# How does one compute frequency bandwidth based on FWHM

In summary, the authors report a full width at half maximum (FWHM) of 2 km/s for the observed OH transition emission frequency of 1720 MHz in the local standard of rest (LSR). However, this is wider than the expected thermal line width of 0.5 to 0.7 km/s, leading the authors to suggest that it is a blend of several maser spots along the line of sight. They also observe another OH line at different LSR velocities, indicating relative bulk movement or masing properties of objects in the line of sight.
In the following text the authors state:

"The full width at half maximum (FWHM) we measure is about 2 km/s"

and this is in the local standard of rest (LSR), ##v_{LSR}##. I have seen basic doppler shift equations to convert from these velocities to frequency (shown below in link). Although if I consider the bandwidth to be 2 km/s and the frequency of 1720 MHz to correspond to ~-45 km/s, then the frequency bandwidth would be on the order of 100 MHz which doesn't seem to be quite right intuitively as masers are typically much narrower. Also, in the paper, they state they observe another OH line at ~30 km/s so I don't believe my above interpretation is correct.

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So, 1720 MHz is the OH transition emission frequency of interest. the ##v_{LSR}## of ~ -45km/s is the observed redshift of that frequency due to the relative motion of the intervening OH cloud, and the 2km/s bandwidth is the FWHM line width, which is rather more than the 0.5 to 0.7 km/s expected thermal line width, and which leads the authors to suggest that "we are most likely seeing a blend of several maser spots along the line of sight."

As you state, another OH line at ##v_{LSR}## ~ -30km/s was also discovered in observations of other PSR's, and also due to OH cloud(s) between those PSR's and earth.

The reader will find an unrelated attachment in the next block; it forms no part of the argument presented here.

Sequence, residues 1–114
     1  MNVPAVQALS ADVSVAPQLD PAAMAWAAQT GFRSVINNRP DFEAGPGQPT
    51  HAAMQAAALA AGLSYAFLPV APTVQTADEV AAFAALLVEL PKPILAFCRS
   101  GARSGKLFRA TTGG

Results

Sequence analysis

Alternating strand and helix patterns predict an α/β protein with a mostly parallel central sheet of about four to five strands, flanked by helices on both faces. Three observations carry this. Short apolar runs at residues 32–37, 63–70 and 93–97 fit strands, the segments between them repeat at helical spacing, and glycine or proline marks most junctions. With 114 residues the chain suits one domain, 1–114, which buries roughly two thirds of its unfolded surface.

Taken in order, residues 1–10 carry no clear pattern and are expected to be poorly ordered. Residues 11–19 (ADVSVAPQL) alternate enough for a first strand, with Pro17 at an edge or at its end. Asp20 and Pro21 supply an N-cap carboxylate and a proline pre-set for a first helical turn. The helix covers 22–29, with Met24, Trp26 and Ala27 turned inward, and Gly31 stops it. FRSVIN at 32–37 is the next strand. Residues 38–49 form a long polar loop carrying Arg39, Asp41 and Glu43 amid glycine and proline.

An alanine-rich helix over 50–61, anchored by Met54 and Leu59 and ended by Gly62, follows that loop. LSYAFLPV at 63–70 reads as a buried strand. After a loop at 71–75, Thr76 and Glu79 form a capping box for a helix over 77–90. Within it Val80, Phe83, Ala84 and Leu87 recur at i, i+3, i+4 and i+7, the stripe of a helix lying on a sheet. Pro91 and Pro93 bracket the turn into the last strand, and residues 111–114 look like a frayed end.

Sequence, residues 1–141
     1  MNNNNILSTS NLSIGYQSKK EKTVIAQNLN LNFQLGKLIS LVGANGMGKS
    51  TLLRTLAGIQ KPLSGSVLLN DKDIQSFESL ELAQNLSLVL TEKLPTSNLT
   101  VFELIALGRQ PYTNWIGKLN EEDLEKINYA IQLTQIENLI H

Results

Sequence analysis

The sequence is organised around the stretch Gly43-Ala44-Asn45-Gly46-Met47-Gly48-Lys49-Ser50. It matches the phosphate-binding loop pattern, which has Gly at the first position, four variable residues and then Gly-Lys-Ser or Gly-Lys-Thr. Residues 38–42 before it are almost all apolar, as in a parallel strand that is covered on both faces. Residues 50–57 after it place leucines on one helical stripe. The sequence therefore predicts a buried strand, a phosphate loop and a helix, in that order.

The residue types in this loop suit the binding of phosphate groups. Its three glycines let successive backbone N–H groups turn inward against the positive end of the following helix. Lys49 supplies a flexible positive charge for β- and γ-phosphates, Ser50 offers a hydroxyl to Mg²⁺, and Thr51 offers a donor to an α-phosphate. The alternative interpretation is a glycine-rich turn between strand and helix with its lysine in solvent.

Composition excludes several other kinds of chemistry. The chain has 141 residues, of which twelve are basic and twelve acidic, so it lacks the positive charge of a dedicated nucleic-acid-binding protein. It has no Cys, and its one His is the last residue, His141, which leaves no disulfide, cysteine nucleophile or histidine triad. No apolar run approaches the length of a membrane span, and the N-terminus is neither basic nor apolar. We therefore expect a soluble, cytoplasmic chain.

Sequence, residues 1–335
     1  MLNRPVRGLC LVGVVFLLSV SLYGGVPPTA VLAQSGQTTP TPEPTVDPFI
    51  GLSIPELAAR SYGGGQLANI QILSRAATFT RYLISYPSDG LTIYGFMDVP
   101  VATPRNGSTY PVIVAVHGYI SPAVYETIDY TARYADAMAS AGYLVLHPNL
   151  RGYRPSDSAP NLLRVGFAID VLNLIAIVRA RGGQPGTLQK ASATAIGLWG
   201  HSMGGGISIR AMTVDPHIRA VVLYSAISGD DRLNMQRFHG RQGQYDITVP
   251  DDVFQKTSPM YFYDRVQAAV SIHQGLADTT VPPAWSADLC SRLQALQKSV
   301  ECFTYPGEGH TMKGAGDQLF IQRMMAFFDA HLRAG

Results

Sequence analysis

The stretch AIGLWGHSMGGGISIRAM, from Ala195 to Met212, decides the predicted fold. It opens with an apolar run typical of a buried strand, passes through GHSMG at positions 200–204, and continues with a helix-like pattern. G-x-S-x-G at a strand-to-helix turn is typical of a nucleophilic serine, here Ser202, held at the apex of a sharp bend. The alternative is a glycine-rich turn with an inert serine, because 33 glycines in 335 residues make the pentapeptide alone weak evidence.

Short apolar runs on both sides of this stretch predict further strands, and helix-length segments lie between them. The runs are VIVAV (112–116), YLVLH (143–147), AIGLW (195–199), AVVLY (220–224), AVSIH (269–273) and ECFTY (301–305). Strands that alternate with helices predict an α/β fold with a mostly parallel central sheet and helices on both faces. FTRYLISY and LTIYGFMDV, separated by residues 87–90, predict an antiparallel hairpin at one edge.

EDIT: So, the 1720 MHz frequency, and the 2 km/s bandwidth, and the ##v_{LSR}## of ~-45 km/s or ~30 km/s are unrelated to each other, apart from their being indicators of relative bulk movement or of masing properties of objects in the line of sight of the observations.

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## 1. How do you calculate frequency bandwidth based on FWHM?

The frequency bandwidth can be calculated by multiplying the full width at half maximum (FWHM) by 2. This is because the FWHM represents the range of frequencies where the signal amplitude is greater than half its maximum value.

## 2. What is FWHM and why is it important in computing frequency bandwidth?

FWHM stands for full width at half maximum and it is a measure of the width of a frequency peak or signal. It is important in computing frequency bandwidth because it represents the range of frequencies where the signal is significant and contributes to the overall bandwidth.

## 3. Can frequency bandwidth be calculated using other parameters besides FWHM?

Yes, frequency bandwidth can also be calculated using other parameters such as the 3 dB bandwidth or the -3 dB bandwidth. These parameters represent the range of frequencies where the signal amplitude is 3 dB or -3 dB lower than its maximum value, respectively.

## 4. How do you measure FWHM from a frequency spectrum?

To measure FWHM from a frequency spectrum, you would need to identify the peak of the signal and then measure the width of the peak at half its maximum amplitude. This can be done using a software tool or by manually measuring the peak width on a printed spectrum.

## 5. Is there a specific unit for frequency bandwidth?

Frequency bandwidth is typically measured in hertz (Hz) or kilohertz (kHz). However, it can also be measured in other units such as megahertz (MHz) or gigahertz (GHz) depending on the frequency range being considered.

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